Propoxyphene is made from synthetic opioids. Synthesizing opioids allows pharmaceutical professionals to adjust chemical levels to enhance pain-relieving analgesic properties while decreasing their addiction potential.

Interestingly, manufacturing propoxyphene was overseen by the Department of Defense as a classified project. The research aimed to find a less addictive alternative to codeine. Despite being successful, an opioid still carries the risk of addiction.

Additionally, the FDA banned the drug because it found data stipulating that propoxyphene contains toxins damaging to the heart.

Even when administered in therapeutic doses, the drug seems to have promoted abnormal heart rhythms by causing changes to the organ’s electrical activity. For this reason, the FDA saw that this risk outweighed its pain-relieving benefits and decided to ban it.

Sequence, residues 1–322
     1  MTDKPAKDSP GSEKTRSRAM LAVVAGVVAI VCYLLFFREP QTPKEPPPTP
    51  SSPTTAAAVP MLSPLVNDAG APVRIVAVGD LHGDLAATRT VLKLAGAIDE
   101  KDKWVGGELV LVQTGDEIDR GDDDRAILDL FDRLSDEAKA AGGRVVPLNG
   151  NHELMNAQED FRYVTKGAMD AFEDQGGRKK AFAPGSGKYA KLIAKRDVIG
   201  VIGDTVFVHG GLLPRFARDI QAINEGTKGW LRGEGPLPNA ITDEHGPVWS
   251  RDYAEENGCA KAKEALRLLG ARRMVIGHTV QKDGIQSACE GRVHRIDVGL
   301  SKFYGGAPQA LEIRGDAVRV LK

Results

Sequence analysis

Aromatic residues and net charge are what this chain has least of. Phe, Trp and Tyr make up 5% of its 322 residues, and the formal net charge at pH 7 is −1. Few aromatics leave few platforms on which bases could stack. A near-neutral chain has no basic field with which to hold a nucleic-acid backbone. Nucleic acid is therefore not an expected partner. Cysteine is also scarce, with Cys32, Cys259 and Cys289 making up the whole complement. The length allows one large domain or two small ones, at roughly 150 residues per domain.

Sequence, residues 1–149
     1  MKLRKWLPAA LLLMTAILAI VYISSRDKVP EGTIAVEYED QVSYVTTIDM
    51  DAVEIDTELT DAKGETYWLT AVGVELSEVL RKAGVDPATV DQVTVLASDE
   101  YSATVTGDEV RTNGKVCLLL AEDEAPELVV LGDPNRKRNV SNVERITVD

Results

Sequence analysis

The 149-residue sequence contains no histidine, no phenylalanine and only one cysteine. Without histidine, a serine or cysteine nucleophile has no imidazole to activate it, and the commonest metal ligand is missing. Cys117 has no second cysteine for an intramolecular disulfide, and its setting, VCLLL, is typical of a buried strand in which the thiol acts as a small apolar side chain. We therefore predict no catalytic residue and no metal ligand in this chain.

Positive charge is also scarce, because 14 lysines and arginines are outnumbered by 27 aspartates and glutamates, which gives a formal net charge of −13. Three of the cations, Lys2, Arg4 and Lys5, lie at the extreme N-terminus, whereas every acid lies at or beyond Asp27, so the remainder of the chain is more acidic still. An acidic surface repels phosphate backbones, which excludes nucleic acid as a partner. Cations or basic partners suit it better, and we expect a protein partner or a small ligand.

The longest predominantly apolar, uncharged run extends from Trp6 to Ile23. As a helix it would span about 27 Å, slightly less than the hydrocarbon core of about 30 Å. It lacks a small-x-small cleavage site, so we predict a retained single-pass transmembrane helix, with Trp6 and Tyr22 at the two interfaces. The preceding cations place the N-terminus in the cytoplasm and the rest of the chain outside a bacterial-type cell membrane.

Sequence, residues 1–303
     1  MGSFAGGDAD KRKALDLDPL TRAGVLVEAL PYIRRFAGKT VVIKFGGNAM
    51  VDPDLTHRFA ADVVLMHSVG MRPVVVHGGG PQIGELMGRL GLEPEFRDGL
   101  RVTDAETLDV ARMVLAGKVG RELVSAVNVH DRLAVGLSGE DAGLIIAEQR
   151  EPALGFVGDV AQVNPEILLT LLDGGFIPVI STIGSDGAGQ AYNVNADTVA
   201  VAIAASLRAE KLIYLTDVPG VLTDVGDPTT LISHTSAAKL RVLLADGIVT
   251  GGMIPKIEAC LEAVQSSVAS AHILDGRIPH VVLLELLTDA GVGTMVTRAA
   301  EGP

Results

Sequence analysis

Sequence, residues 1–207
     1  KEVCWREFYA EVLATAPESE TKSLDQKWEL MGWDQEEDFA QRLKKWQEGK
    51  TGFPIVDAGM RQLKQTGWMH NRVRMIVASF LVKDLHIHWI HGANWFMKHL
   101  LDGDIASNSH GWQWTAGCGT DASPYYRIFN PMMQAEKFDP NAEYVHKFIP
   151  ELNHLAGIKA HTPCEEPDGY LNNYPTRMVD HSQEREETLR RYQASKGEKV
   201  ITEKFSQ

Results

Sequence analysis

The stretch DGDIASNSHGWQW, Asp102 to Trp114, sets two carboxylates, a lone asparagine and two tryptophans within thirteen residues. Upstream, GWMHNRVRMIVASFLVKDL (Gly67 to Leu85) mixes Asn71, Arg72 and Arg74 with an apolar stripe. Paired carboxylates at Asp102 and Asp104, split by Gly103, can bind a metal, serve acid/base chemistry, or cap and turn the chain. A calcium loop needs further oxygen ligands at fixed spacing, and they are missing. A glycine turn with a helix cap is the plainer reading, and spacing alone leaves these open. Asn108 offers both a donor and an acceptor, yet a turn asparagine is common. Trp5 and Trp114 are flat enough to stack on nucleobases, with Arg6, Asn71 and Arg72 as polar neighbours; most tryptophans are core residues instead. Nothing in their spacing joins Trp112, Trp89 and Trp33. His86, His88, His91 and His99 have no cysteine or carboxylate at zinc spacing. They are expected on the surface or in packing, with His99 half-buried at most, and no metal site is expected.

How Can Darvocet and Darvon Be Abused?

Those suffering from opioid addiction typically abuse Darvocet and Darvon by crushing the pink pills into fine powder. The drug is then snorted, bypassing the time-release mechanism of the drug to produce a stronger high.

Pills need to be administered by mouth so they can enter your bloodstream first. Otherwise, when it floods the nasal membrane, it goes through the blood-brain barrier.

This lining segregates the blood from the brain. This passage skips the brain’s receptors, catalyzing the drug’s effects.

Can You Get High from Darvocet and Darvon?

Darvocet carries a higher risk of abuse than Darvon because of its pain relief acetaminophen addition. This active ingredient further intensifies the effects of the opioid propoxyphene.